Lewis and Clark State Memorial, Camp Dubois, Illinois

2013-04-29_11-47-55_959Arriving in St. Louis in December, 1803, Lewis and Clark were busily engaged in acquiring the final supplies needed for the voyage. It was their intention to make a winter camp at La Charrette, on the Missouri. The local Spanish authority, however, would not allow them to enter the Louisiana territory as he had not yet received official documents transferring title of the territory. The Captains were therefore forced to make camp on the east side of the Mississippi River, at the mouth of the Wood River. This camp was named Camp Dubois, and is also known as Camp Wood. The expedition spent the winter months training, preparing for the journey and running afoul of the Captains, as discipline during the first winter was lacking. The actual campsite has been destroyed by river channel migration. A monument to the camp is located in Lewis and Clark State Memorial Park.

Location and Directions

Links: Lewis and Clark State Memorial, Camp Dubois, Illinois

Lemhi Pass National Historic Landmark, Montana

Lemhi Pass is located along the Continental Divide, at 7,323 feet above sea level. It was here in 1805 that Lewis and Clark passed out of the boundaries of the Louisiana Purchase Territory. They also got their first glimpse of the headwaters of the Columbia River, that would carry them to the Pacific Ocean. Today, the Lemhi Pass area remains much as it did when Lewis and Clark were in the area. Development has been kept to a minimum, and as a result, plant and animal life are abundant. Signs and markers interpret the activities of Lewis and Clark during the summer months.

Location Map and Directions.


Fort Atkinson State Historical Park, Nebraska

After Lewis and Clark held council with members of the Otoe and Missouri Nations, high on a bluff overlooking the Missouri River, Clark noted that the site was “well calculated for a tradeing establishment”. Based upon this recommendation, Fort Atkinson, the first military post west of the Mississippi, was constructed by the Yellowstone Expedition in 1819. The fort was originally named Camp Council Bluff, as it was built adjacent to the site of Lewis and Clark’s council. The name was eventually changed to Fort Atkinson, in honor of Colonel Henry Atkinson, commander of the Yellowstone Expedition. Fort Atkinson was in use from 1820 to 1827, and housed a garrison of 1,000 men. The garrison protected the western fur trade as well as overland traffic along the Platte River Valley. Fort Atkinson was the starting point for many of the early expeditions to the southwest and such settlements of Taos and Santa Fe. Fort Atkinson was abandoned in 1827 as southern trails grew in importance. After abandonment, Fort Atkinson succumbed to the need for farmland, and was destroyed. Local preservationists came to the aid of the fort in 1963 when the land was purchased and a restoration drive began. Today, after many donations, Fort Atkinson has been reconstructed, including the stone blockhouse and north, south and west walls which include the barracks. Bastions at the northwest and southeast corners have also been reconstructed.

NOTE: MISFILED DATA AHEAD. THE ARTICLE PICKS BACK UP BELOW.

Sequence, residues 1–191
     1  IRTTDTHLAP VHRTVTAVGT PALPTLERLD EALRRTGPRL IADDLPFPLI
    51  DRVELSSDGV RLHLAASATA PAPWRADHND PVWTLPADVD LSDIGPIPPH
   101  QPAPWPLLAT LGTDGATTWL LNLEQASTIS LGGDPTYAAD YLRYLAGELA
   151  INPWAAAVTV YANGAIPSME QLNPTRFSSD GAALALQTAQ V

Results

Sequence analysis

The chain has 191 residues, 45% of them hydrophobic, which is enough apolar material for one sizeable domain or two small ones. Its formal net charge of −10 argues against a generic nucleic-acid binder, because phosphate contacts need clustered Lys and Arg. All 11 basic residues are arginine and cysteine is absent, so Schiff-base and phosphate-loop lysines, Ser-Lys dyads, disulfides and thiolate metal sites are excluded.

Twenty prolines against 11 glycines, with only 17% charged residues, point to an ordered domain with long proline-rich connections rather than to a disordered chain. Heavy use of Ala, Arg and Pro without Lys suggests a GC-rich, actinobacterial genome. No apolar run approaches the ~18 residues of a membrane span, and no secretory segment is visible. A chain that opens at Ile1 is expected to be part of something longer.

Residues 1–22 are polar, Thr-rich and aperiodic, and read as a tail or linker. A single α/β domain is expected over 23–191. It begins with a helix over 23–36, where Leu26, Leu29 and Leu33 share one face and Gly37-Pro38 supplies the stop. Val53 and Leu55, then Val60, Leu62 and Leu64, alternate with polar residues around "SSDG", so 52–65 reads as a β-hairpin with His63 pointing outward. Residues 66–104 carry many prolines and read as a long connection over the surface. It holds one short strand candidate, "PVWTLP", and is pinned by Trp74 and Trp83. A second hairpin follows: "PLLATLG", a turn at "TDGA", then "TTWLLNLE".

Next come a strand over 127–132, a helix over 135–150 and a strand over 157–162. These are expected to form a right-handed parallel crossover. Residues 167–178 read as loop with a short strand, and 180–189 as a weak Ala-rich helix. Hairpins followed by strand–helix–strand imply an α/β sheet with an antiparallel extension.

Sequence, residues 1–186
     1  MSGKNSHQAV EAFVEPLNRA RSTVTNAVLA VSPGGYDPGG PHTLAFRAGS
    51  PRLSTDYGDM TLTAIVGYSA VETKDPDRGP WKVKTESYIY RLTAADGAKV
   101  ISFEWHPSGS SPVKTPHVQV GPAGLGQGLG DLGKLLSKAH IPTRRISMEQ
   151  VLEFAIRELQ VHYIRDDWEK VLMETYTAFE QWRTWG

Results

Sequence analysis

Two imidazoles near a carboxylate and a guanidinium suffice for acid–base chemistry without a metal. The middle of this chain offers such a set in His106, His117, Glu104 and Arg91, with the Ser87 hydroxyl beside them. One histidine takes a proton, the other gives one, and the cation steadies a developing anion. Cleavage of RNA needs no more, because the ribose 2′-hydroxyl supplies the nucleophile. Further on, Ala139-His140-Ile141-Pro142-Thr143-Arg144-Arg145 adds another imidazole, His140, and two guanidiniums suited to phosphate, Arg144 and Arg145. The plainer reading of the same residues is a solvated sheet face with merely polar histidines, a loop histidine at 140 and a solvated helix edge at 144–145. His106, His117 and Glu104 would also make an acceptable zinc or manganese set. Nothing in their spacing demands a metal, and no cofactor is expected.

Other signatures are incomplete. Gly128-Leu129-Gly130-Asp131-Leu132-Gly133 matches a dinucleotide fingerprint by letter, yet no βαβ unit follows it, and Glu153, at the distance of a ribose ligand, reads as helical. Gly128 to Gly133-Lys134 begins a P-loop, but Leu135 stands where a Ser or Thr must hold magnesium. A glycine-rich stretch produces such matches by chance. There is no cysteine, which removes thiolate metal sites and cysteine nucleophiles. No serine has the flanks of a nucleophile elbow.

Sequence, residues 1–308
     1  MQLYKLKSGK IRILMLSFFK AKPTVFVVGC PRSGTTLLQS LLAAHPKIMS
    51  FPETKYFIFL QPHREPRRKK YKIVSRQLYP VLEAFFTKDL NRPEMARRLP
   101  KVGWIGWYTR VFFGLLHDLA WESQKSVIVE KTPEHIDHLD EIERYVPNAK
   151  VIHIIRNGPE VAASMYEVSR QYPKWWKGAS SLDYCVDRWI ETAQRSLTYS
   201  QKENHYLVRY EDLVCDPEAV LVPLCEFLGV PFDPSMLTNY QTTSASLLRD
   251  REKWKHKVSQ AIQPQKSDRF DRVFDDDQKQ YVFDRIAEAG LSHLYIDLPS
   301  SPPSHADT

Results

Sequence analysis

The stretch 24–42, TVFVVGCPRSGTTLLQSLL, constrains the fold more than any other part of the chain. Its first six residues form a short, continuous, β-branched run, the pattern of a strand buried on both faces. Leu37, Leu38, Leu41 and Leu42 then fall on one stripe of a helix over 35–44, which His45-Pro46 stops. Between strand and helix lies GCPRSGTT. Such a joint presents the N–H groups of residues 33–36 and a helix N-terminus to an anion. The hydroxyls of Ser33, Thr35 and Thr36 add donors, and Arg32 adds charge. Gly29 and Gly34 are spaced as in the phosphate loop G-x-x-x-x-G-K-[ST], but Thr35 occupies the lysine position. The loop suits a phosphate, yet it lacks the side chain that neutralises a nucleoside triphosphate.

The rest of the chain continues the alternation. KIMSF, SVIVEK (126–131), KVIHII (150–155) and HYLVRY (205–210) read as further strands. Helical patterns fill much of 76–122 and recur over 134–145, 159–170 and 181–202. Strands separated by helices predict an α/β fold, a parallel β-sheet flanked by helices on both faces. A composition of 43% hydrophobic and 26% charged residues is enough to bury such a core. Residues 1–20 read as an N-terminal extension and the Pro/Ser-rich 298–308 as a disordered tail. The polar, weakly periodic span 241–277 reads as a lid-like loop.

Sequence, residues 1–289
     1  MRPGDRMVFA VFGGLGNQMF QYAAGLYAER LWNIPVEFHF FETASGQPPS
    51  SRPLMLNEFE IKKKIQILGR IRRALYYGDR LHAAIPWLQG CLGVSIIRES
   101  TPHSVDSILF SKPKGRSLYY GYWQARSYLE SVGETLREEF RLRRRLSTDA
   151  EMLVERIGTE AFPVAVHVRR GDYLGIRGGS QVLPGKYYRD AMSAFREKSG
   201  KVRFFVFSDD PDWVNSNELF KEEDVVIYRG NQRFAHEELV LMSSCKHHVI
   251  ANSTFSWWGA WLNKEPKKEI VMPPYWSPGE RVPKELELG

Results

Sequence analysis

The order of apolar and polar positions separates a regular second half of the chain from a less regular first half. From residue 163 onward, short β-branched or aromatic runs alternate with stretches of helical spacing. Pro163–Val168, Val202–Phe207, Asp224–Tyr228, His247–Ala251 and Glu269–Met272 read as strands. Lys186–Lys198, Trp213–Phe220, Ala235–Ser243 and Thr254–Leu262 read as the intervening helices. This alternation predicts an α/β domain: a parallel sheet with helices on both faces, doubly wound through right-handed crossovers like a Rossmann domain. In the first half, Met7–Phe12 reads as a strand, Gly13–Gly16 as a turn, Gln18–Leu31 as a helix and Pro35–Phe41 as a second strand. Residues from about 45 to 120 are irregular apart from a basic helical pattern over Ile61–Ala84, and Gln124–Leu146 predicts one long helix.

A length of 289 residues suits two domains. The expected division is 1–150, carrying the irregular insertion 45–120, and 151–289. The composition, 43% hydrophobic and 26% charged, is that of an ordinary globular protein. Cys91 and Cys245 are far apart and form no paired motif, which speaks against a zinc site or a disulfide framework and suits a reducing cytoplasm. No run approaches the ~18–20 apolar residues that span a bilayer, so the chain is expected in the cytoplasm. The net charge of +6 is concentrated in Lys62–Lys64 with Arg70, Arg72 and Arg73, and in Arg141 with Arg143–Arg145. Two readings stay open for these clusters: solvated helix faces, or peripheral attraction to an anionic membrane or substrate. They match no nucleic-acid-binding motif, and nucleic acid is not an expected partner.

Location information and directions.

Links: Fort Atkinson